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Jean-Michel ATLAN

1913 - 1960

Atlan, of Judeo-Berber descent, left Algeria for Paris in 1930, where he studied philosophy at the Sorbonne. He taught philosophy at the Lycée de Laval in 1939 and then from 1940-1941 taught at the Lycée Condorcet in Paris.


He began to paint in 1941, but was arrested in 1942, both for his resistance activities and because he was Jewish. Imprisoned, he escaped the extermination camps by feigning insanity. Interned in the Sainte-Anne asylum, he was released following the Liberation. He then devoted himself to painting and in 1944 exhibited at the Salon des Sur-indépendants in an expressionist style. He was friends with Jean Duvignaud (Clara Malraux’s husband), Alain Robbe-Grillet and René de Olbadia. A few months later, in November 1944, he published a collection of poems “Le Sang Profond”, which he illustrated, and in December 1944 exhibited at the Galerie l’Arc-en-Ciel.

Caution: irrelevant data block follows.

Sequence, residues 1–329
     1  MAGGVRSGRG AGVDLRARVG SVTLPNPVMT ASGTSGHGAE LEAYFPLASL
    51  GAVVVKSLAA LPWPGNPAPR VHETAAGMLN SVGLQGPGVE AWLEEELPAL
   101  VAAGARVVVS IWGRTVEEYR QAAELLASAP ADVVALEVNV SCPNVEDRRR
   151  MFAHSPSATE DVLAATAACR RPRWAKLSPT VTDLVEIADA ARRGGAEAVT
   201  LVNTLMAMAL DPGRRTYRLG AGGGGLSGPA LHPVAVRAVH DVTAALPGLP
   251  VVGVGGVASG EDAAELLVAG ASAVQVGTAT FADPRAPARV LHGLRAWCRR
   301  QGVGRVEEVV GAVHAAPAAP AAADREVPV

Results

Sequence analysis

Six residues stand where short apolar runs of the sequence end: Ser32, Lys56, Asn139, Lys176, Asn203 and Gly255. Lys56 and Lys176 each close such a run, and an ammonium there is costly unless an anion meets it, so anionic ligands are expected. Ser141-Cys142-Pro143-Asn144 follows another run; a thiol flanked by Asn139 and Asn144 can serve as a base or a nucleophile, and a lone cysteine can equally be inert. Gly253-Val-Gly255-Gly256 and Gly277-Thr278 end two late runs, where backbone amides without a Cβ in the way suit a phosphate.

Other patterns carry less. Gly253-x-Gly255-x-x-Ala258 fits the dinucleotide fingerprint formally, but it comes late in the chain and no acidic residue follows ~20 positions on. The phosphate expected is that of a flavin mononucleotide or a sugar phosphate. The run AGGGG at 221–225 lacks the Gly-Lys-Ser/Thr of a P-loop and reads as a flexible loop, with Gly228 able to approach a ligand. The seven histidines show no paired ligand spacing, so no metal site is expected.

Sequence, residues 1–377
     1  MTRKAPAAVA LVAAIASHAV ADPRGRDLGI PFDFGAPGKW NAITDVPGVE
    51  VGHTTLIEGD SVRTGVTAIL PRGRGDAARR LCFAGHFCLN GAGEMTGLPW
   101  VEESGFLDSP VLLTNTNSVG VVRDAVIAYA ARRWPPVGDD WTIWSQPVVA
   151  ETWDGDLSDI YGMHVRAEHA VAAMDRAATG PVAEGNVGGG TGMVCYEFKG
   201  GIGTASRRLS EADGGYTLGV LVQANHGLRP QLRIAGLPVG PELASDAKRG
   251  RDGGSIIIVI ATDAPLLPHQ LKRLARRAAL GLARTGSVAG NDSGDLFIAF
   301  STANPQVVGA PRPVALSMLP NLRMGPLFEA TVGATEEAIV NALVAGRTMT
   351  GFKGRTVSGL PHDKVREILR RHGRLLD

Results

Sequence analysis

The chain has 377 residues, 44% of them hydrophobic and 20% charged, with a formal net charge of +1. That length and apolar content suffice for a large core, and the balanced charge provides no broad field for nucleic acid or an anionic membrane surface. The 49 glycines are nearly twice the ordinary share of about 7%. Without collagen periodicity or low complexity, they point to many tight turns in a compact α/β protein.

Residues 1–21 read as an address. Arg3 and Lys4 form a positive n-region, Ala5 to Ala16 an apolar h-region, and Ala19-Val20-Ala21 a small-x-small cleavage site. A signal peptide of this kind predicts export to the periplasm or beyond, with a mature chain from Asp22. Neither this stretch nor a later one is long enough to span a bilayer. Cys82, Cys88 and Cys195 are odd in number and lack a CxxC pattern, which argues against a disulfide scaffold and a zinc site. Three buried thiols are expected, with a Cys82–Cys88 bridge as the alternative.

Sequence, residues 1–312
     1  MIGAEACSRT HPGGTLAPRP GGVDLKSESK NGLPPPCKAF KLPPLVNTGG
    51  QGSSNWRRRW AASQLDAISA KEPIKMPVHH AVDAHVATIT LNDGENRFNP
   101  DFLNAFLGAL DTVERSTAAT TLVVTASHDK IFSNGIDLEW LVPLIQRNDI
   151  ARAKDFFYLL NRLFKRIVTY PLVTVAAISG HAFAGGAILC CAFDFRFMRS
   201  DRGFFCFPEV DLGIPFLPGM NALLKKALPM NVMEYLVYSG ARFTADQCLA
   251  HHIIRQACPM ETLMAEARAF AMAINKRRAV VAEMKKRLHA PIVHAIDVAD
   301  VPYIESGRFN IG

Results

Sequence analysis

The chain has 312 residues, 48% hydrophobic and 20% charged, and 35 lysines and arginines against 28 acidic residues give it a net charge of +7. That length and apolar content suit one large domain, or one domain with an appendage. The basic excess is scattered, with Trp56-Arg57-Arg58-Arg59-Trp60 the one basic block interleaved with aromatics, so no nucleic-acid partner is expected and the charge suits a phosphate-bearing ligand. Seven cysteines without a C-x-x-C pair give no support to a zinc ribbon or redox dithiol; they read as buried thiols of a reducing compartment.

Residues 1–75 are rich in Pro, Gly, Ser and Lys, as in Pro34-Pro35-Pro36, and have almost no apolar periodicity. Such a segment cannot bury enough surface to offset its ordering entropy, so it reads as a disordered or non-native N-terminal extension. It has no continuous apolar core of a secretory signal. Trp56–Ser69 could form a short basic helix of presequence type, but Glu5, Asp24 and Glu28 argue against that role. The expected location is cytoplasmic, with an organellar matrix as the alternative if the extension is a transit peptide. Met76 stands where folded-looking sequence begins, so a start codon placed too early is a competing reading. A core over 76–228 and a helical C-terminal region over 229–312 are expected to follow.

In 1944 he began to paint without preconceived order or formal structure, fascinated by the results of impasto colour gradations, rubbings and other marks, as in “Peinture“(1947). He developed a thought-out style only from 1950, when informality gave way to a more plastic organization.


In 1946 Atlan met Asger Jorn and joined the art group CoBrA, Copenhagen, Brussels and Amsterdam (1948-1951), and moved towards abstraction. In 1955, he exhibited at the Galerie Charpentier. He suffered a haemorrhage in 1959 during an exhibition in London and died on 12 February 1960 shortly before presenting his paintings in New York.

Artist artworks